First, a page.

Tanks in the Spanish Army have over 90 years of history, from the French Renault FTs first delivered in 1919 to the Leopard 2 and B1 Centauro models of the early 21st century. The FT took part in combat during the Rif War and participated in the first amphibious landing with tanks in history, at Alhucemas. In 1925, the Spanish Army began to undertake a program to develop and produce a Spanish tank, heavily based on the Renault FT, called the Trubia A4. Although the prototype performed well during testing, the tank was never put into mass production. Spain also experimented with the Italian Fiat 3000, acquiring one tank in 1925, and with another indigenous tank program called the Landesa. However, none of these evolved into a major armor program, and as a result the FT remained the most important tank, in numbers, in the Spanish Army until the beginning of the Spanish Civil War.
Between July 1936 and April 1939, during the Spanish Civil War, the two opposing armies received large quantities of tanks from foreign powers. Spain's Second Republic received tanks from the Soviet Union, many of which were captured by the Nationalists and pressed into service against their former masters, while the Nationalists were aided by the Germans and Italians. The Spanish Civil War, although the testing grounds for the nations which would ultimately take part in World War II, proved inconclusive with regard to the proof of mechanized warfare. Despite attempts by Soviet, German and Italian advisers and soldiers to use newly devised mechanized theories, the lack of quality crews and the tanks, and the insufficient amount of tanks provided bad impressions on the usefulness of tanks on their own.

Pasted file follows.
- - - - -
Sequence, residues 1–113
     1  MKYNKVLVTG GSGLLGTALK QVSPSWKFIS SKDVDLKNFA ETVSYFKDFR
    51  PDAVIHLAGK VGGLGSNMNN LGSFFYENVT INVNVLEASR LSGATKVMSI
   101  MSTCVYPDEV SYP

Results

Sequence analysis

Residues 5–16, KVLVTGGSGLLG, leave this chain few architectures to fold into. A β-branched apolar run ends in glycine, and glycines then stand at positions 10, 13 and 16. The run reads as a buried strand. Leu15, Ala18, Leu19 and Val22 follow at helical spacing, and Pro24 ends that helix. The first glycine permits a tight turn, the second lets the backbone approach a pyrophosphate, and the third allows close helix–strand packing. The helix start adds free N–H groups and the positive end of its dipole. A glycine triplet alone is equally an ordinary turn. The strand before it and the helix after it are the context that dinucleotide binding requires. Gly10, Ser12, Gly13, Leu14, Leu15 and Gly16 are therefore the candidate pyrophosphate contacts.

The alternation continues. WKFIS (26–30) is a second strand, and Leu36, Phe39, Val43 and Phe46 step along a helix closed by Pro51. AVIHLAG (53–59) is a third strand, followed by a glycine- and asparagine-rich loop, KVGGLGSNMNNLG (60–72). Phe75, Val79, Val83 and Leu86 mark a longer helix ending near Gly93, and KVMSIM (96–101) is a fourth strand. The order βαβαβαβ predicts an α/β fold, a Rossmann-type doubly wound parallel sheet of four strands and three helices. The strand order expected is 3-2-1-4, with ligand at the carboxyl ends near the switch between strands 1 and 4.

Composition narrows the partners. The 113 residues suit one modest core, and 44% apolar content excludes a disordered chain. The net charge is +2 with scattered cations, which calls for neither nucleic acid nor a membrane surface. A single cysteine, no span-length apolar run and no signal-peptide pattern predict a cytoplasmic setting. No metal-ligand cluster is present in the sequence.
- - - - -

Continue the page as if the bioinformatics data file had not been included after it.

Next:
The Spanish Army ended the Spanish Civil War with a fleet of light tanks. Looking to field more modern and capable tanks, the Spanish government and army approved a venture to design and manufacture a better light tank, known as the Verdeja. Although the tank proved extremely capable, a lack of raw materials and incentives doomed the program to failure. Furthermore, the army's requirements were temporarily satisfied by the procurement of Panzer IVs in late 1943. However, the failure to acquire more Panzer IVs led Spain to field a largely antiquated collection of light tanks and an insufficient amount of medium tanks. In 1953, the United States and Spain signed a military aid program agreement which led to the supply of M47 Patton and M48 Patton tanks. The American decision to not allow Spain to deploy the new equipment during the war with Morocco caused Spain to look elsewhere for a supplement to their fleet of Patton tanks, ending with the procurement of the AMX-30E, based on the French AMX-30.
Almost immediately after, the Spanish Army and the Spanish Ministry of Defense began to look for a future Spanish tank. This turned into the Lince tank program. Despite numerous bids the Lince program failed, both for financial reasons and because of the decision to instead modernize the existing fleet of AMX-30Es, and to procure a large number of American M60 Patton tanks to replace the fleet of older Patton tanks. Over half of the AMX-30Es were upgraded to a standard known as the AMX-30EM2, while the rest suffered a more finite modification known as the AMX-30EM1. However, the M60s and modernized AMX-30Es did not provide Spain with a sufficiently modern tank for the next century. In 1994, the Spanish Ministry of Defense began to negotiate with the German government over the purchase of the Leopard 2. Ultimately, 108 Leopard 2A4s were procured and integrated into the Spanish Army, while 219 Leopard 2Es were built in Spain, based on the German Leopard 2A6. The Leopard 2E and Leopard 2A4 replaced the fleet of M60 Patton tanks, while Spain's AMX-30EM2s were replaced by Italian B1 Centauro anti-tank cavalry vehicles. Presently, the Spanish Army possesses 108 Leopard 2A4s and 219 Leopard 2Es.